A U.S. contractor was killed and five U.S. troops and a second U.S. contractor were wounded late Thursday when a suspected Iranian-linked drone struck a coalition military base in northeastern Syria, the Pentagon said in a statement.
The Pentagon said it responded to the attack by launching retaliatory airstrikes on facilities used by groups affiliated with Iran’s Islamic Revolutionary Guard Corps.
“As President Biden has made clear, we will take all necessary steps to protect our people and will always respond at a time and place of our choosing. No group will attack our troops with impunity.” US Defense Secretary Lloyd Austin said in a separate statement. He said the airstrikes were in response to Thursday’s attack and a series of recent strikes targeting coalition forces in Syria.
There was no immediate reaction from the Iranian government. Iran’s diplomatic mission to the United Nations did not immediately respond to a request for comment.
The Syrian Observatory for Human RightsThe London-based war monitor said US airstrikes killed eight pro-Iranian fighters in Syria.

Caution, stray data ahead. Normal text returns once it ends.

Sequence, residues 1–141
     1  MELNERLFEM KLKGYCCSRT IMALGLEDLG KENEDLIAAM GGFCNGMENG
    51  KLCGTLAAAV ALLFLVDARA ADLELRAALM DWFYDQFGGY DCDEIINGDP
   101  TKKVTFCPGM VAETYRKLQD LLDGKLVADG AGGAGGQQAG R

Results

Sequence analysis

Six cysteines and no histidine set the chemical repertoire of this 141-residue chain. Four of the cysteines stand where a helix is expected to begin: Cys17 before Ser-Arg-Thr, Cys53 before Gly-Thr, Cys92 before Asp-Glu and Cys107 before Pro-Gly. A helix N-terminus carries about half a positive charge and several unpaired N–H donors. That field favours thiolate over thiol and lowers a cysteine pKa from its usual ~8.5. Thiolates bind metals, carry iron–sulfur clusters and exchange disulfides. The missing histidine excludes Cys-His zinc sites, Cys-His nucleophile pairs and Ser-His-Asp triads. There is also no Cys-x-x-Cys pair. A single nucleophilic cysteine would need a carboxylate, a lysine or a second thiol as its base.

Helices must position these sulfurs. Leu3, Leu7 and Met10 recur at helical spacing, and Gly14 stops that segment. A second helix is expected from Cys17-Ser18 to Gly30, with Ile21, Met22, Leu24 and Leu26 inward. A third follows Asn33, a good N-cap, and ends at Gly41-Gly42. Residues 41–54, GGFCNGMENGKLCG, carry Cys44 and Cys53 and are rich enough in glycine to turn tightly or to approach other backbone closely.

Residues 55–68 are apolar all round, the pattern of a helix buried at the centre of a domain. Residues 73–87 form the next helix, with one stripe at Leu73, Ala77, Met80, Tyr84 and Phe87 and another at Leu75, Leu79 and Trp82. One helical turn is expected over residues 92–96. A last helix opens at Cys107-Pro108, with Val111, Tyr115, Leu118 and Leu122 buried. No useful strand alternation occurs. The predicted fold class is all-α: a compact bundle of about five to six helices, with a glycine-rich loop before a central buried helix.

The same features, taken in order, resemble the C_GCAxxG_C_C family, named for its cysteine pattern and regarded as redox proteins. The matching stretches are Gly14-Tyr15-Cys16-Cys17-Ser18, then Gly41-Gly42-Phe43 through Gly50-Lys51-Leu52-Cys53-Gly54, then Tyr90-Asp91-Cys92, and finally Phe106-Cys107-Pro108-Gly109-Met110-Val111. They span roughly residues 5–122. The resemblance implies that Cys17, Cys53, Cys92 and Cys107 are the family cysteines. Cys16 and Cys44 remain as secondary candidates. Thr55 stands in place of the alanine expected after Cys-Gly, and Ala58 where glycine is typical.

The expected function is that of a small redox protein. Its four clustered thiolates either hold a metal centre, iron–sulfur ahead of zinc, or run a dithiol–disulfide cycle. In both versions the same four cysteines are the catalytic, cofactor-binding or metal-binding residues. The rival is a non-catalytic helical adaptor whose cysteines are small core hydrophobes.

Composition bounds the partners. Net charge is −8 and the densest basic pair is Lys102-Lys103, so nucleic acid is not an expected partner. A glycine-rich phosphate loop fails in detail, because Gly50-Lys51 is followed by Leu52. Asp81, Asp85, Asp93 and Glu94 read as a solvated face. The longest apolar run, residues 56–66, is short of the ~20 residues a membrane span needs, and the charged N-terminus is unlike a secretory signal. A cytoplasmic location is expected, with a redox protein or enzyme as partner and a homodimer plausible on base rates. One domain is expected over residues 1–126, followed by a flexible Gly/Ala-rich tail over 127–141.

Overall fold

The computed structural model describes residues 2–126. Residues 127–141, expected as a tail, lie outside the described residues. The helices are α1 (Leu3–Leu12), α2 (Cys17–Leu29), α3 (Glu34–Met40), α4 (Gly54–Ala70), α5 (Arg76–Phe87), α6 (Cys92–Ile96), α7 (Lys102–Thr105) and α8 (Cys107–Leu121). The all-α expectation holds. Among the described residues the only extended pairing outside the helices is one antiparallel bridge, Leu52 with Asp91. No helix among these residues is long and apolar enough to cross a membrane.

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Austin said in a statement that two wounded US soldiers were being treated at the site of the attack. Three additional service members and a U.S. contractor were medically evacuated to medical facilities in neighboring Iraq.
There are about 900 U.S. troops and an unknown number of U.S. military contractors in Syria, maintained to pressure the remnants of the Islamic State militant group and try to limit Iran’s influence in Syria. This is not the first time President Joe Biden has authorized strikes against Iran-backed militias in Syria.
The US Congress is currently considering repealing bills that authorized the use of force against the Iraqi government during the Iraq War from 1991 and 2002, with its 20th anniversary on Monday. The bill is known as the Authorization of Military Force, or AUMF. Some lawmakers called on President George W. They want to repeal or renew the 2001 AUMF, which grew out of Bush’s “global war on terror” and the post-9/11 invasion of Afghanistan. That 2001 authorization has been extended to allow the United States to target terrorist groups in Syria, Pakistan, the Philippines and beyond.
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